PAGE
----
Mr. Thomas. That is the first time we have had any specific figure. I traced that budget for an hour and a half trying to find out what the program would cost. It is $2 million.

Mr. HORNE. $2 million each year.
Mr. THOMAS. That is $4 million.
Mr. HORNE. Yes, sir.

Mr. THOMAS. You had 105 contracts. You had that many studied and most were almost up to the limit of $40,000 each.

Mr. HORNE. Actually we had 225 studies; 105 contracts.

The grants are to be made to States on a selective basis, with a maximum of $40,000 to any one State. The selection would be based upon the priority assigned to the subject matter to be covered, and the widespread application of the results of such study as well as the professional qualifications of those who would conduct the study.

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The requested supplemental of $398,000 includes $377,000 for the increased investment and development company assistance workload, and $21,000 for the screening and awarding of research grants and the subsequent supervision of the work being performed by the grantees.


The previously mentioned increase in the investment company activities created workload far beyond the normal capacities of the existing small staff. A total of 356 proposals was received during the fiscal year as compared to an anticipated 200. In addition, as of July 1, 1960, there were 96 license proposals pending. While on June 30, 1961, the number pending had increased to 225, it undoubtedly would have been considerably greater had it not been for the great amount of overtime worked by employees of this Division.

As indicated earlier, we now estimate that 400 new proposals will be received during the fiscal year 1962. This is double the original budget estimate of 200. Further, the workload is compounded since each SBIC which is licensed makes requests for rulings, waivers, and approval of amendments to its original proposal as may be found necessary in the light of actual operating experience.

Many of these requests are of considerable business urgency, for example, a request for ruling on eligibility of a new client eager to receive and put to use the proceeds of an SBIC financing requires prompt handling. Also, it is not uncommon for amendments to be of such scope and complexity as to require more analytical time than had been devoted to the original proposal.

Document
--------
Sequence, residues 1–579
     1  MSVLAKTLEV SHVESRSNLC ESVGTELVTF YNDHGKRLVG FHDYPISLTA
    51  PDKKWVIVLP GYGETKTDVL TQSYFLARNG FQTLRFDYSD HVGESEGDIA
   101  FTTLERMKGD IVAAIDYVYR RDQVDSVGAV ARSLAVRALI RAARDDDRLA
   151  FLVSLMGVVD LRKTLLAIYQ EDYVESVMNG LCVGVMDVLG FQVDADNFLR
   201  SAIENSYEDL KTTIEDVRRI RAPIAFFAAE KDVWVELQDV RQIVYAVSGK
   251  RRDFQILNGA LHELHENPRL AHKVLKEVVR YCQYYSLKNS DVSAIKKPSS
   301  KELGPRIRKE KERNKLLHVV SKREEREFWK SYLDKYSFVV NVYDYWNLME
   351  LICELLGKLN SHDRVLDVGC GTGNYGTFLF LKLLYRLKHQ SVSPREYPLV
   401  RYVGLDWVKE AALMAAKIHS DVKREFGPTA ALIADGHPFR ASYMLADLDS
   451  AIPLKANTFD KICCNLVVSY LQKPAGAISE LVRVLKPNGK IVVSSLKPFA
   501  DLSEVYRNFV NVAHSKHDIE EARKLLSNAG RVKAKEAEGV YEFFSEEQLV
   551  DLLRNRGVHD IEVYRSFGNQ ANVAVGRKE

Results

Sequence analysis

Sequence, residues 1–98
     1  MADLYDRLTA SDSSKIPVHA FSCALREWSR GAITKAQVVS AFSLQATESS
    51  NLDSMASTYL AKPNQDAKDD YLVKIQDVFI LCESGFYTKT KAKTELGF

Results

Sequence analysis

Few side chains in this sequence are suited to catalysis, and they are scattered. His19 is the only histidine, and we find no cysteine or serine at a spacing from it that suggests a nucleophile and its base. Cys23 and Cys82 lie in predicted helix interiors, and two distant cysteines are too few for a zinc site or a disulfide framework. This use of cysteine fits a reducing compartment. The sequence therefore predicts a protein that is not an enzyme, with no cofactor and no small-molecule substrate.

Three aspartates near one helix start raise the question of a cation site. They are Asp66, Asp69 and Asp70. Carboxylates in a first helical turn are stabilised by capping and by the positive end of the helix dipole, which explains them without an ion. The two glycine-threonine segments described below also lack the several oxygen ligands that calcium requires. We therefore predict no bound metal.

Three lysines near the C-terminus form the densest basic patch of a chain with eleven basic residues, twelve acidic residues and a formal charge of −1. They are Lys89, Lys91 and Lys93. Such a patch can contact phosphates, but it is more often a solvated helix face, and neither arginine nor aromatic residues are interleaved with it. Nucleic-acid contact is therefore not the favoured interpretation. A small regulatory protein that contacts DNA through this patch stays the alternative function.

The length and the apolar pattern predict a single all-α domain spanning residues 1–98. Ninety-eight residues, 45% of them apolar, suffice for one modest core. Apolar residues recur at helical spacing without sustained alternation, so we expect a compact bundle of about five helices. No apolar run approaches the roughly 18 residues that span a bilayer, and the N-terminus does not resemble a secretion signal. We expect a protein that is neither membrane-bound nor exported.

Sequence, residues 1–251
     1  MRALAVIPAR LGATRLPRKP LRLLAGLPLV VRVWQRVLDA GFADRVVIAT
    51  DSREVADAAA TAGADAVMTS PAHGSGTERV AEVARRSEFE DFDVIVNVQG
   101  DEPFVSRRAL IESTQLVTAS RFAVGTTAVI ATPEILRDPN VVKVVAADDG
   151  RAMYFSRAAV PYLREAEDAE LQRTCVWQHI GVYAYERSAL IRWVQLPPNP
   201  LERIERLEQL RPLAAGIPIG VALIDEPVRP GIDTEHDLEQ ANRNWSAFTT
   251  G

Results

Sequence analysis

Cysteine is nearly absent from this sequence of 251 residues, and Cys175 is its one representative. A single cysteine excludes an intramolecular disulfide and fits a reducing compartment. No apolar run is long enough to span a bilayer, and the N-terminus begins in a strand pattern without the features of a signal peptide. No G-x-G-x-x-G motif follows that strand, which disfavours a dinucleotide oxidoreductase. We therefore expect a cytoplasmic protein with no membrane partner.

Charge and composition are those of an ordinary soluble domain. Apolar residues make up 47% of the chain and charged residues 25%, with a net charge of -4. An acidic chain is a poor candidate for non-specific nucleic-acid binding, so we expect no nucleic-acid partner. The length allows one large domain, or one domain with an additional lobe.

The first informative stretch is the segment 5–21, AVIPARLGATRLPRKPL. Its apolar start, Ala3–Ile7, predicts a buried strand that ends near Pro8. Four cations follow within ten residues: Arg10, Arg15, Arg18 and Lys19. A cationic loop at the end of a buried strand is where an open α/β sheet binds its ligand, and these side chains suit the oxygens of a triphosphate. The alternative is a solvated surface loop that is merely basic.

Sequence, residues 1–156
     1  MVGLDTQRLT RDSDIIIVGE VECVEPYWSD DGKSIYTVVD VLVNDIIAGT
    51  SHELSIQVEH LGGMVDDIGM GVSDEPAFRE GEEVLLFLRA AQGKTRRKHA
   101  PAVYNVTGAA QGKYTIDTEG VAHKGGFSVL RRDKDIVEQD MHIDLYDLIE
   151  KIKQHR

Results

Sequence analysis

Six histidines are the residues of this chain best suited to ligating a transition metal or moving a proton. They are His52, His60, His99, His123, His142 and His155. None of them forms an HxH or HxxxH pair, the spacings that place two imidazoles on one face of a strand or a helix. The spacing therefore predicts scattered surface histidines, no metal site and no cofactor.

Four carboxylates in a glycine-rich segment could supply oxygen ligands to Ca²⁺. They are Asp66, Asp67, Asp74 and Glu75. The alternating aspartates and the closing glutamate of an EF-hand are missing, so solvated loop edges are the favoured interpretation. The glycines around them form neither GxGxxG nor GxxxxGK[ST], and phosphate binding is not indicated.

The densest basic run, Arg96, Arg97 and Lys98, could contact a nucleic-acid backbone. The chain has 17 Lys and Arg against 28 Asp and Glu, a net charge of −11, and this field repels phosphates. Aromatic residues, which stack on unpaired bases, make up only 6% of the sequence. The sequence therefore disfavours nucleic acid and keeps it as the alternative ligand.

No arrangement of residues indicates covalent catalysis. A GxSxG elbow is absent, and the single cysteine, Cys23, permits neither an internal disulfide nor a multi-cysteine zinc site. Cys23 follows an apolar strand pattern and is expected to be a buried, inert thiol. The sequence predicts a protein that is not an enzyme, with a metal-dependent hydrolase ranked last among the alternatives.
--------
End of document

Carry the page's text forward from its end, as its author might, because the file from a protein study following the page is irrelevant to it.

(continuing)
Additional workload is created by the requests for operating loans as authorized by section 303(b), which requests are made after the

companies have fully loaned their available funds from capital and other borrowings. The processing of these loan applications and the subsequent servicing represent unavoidable responsibilities and obligations of the Investment Division.

This increase in workload will require additional staff in 1962. The estimate of $377,000 would provide for 15 professional and 22 clerical employees for assignment to the Washington office, and 12 professional and 12 clerical for the regional offices. The investment company operation has been conducted mainly as a centralized operation in accordance with the expressed legislative interest. Consequently, the major part of the workload increase is in the Washington office.


Based on 1960 experience, it is estimated that 200 research proposals may be submitted for review, from among which 13 or more grants will be made. To perform this work and subsequent supervision of the grantees, it is estimated that 2 technical and 2 clerical employees will be required at a cost of $21,000 in 1962.


Although the higher estimated 1962 volume of business loan applications-originally 10,800 and now revised to 12,000—will increase the administrative expenses by approximately $700,000, with the concurrence of the Bureau of the Budget no change has been made in the original budget estimate for administrative expenses. This is because the contingency reserve of $1,845,000 included in the original estimate would be available to finance workload to a level of approximately 1,150 applications per month.

Thank you for the opportunity to appear before this committee. I shall be glad to answer questions or supply any additional information the members may desire.

For salaries and expenses, as I say, it would come to $377,000. Additional personnel needed for the screening and awarding or research grants and subsequent supervision of the work would be $21,000, making a total of $398,000 for personnel and administrative services. That, plus the $130 million which I mentioned a few moments ago, for the revolving fund to provide for business loans and our obligations with the SBIC's, and the $500,000 rather than the $2 million of the previous 2 years in which the program was in effect for research grants.

Mr. Chairman, that is pretty much a summary of my statement.

Mr. Thomas. That is a very good statement and it is very much to the point. You have done a good job in preparing it.

Mr. HORNE. Thank you, sir.

Mr. THOMAS. Gentlemen, let me briefly summarize this justification here in three parts and then I hope the committee members will take a very detailed look at your three sections here.

You have a budgeted submission in three parts. There is $130 million for additional amounts to your revolving fund; $398,000 for salaries and expenses and $500,000 here for the research program. If my figures are correct, you are seeking a total of $130,898,000 rather than $130.9 million. What happened to the other $2,000?